REVIEW: Onward Is Full Of Heart

pixar's onward review

Reports have said that Onward is on track for one of Pixar’s lowest openings ever, which may be in due in part to some confused marketing. Not that the trailers for the film have been bad, because you can’t necessarily go wrong by highlighting Chris Pratt and Tom Holland’s chemistry. But it does seem as if the strategy has been to emphasize the fun quest over the family feels, when the latter is really what makes the film hit home.

Don’t get me wrong: there are plenty of laughs to be had from beginning back a pair of legs instead of a whole dad. And there’s certainly a lot of enjoyment to mine from the new and exciting creatures, especially the trash unicorns who deserve a whole spinoff to themselves and the pet dragon who ousts dogs as man’s best friend. But Onward doesn’t spend enough time building the relationship between the characters and their world enough to make the fantasy elements stand out as more than merchandising material.

onward barley ian

Even Barley’s (Pratt) Quests of Yore facts and magic rules for Ian (Holland) to follow don’t have much specificity to them to quality Onward as any more of a fantasy than Coco with its Dia de los Muertos magic or even Finding Nemo with literal talking fish. Instead, the thing that really makes this film sing is the heartfelt connection the brothers feel to their father – and to each other.

Once again, Pixar has successfully explored the pain of losing a loved one before (most notably in Up) as well as the magical bonds of family (most powerfully in Coco). But an in-depth exploration of siblings hasn’t cropped up as often in their repertoire, and it’s probably never been as nuanced as it is with the Lightfoot household. What stands out, aside from the sparkling chemistry between Pratt and Holland that speaks to their offscreen relationship as well, is the support laced within their scenes.

Siblings are often shown in the midst of petty squabbling and jealousy, which is valid in and of itself. But they’re rarely shown as purely and unambiguously protective of each other with no ulterior motives as Onward shows. The very fact that Barley is obsessed with magic yet Ian is the one with the knack for it would be enough to create a rivalry in any other film. But here, it’s the beginning of a very special adventure that the boys embark on with sincere intentions.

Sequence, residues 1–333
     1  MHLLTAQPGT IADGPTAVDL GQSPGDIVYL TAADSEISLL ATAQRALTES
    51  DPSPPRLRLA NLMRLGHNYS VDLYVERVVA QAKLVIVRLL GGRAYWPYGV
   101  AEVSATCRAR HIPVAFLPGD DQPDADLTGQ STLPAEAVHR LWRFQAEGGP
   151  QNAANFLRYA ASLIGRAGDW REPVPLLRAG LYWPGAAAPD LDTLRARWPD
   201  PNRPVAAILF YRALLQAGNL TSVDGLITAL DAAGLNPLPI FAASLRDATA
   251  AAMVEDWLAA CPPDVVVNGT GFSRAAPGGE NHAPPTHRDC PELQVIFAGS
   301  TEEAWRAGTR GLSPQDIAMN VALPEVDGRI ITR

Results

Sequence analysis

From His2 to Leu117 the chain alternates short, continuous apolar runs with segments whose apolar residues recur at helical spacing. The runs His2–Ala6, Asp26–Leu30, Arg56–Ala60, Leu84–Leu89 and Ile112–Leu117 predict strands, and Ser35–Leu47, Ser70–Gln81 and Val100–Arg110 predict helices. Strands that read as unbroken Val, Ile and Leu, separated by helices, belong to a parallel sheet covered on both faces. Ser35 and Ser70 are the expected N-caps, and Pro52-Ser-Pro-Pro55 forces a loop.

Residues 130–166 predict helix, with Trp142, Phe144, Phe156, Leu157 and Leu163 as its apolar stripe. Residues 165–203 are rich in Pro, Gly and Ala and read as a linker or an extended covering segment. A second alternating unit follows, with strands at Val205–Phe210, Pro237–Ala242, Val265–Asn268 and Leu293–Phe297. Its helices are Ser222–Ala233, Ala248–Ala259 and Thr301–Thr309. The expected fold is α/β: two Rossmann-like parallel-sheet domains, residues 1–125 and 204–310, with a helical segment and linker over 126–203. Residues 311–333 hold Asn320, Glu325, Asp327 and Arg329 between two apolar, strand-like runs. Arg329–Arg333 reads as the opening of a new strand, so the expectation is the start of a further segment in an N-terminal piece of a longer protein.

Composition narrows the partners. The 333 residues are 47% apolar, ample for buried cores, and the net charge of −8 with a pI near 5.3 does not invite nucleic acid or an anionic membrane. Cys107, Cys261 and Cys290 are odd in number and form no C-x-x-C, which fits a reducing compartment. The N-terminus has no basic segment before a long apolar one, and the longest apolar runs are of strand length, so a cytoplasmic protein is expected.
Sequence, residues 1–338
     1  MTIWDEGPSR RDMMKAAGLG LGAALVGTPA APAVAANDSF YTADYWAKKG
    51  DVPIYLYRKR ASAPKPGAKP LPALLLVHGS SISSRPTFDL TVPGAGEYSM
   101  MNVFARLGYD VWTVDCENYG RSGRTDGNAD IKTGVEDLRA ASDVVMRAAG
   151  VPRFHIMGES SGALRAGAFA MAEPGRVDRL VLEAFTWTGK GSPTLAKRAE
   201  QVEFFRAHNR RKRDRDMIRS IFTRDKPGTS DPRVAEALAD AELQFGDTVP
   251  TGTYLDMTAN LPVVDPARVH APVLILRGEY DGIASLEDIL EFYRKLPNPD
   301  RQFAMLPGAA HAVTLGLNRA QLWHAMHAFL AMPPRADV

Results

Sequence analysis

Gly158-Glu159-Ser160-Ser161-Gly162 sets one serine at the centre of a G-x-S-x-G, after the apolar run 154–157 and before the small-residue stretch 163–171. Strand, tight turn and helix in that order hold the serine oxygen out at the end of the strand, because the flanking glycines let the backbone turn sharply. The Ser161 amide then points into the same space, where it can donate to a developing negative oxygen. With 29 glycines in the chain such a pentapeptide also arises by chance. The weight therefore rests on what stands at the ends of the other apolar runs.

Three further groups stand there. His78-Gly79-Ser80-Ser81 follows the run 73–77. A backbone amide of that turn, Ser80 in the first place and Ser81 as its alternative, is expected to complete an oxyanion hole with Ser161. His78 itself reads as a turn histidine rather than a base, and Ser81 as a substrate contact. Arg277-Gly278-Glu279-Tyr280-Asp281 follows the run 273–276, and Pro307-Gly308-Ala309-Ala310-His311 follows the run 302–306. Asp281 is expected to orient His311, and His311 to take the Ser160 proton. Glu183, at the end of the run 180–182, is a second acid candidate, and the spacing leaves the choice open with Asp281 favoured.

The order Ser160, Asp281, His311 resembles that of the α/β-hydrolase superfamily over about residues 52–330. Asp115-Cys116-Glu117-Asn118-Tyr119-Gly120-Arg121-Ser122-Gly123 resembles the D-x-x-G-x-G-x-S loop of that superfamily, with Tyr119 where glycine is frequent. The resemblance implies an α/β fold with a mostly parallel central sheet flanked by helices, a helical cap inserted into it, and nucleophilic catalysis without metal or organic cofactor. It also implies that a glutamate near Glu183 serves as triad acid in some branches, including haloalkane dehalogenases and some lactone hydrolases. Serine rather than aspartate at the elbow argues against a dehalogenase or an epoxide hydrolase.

onward laurel

Sincerity is the name of the game throughout Onward, and it’s reflected in the other dynamics of the film. Not that there are many, because unfortunately one thing the film runs low on is plot. But Laurel (Julia Louis-Dreyfus) is shown to be a hardworking and kind-hearted mother who looks after her sons with care, and even her boyfriend Colt Bronco (Mel Rodriguez) proves to be a dad-in-training just trying his best. It’s refreshing not to have a real villain, or any sneaky double-dealings among its protagonists, even if that doesn’t help some of the lagging spots.

The Manticore (Octavia Spencer) is another standout in the film, and her quest to help Laurel at times could make for its own movie. If anything, it’s to the film’s detriment that they didn’t take the time to deepen her narrative about recapturing magic in order to tie her more closely to Barley and Ian. After all, it’s a huge deal that magic fell by the wayside in society before Ian found his dad’s letter. But Onward almost treats it as an everyday occurrence, mostly because it’s more focused on the emotional aspects of the Lightfoot boys reuniting with their father.

Onward has no shortage of sweetness in its ingredients, but it could do with a little more spice to elevate it above the rest of Pixar’s excellent fare. It’s still a good time at the movies, though, and a great jumping off point for families to talk about love and loss.

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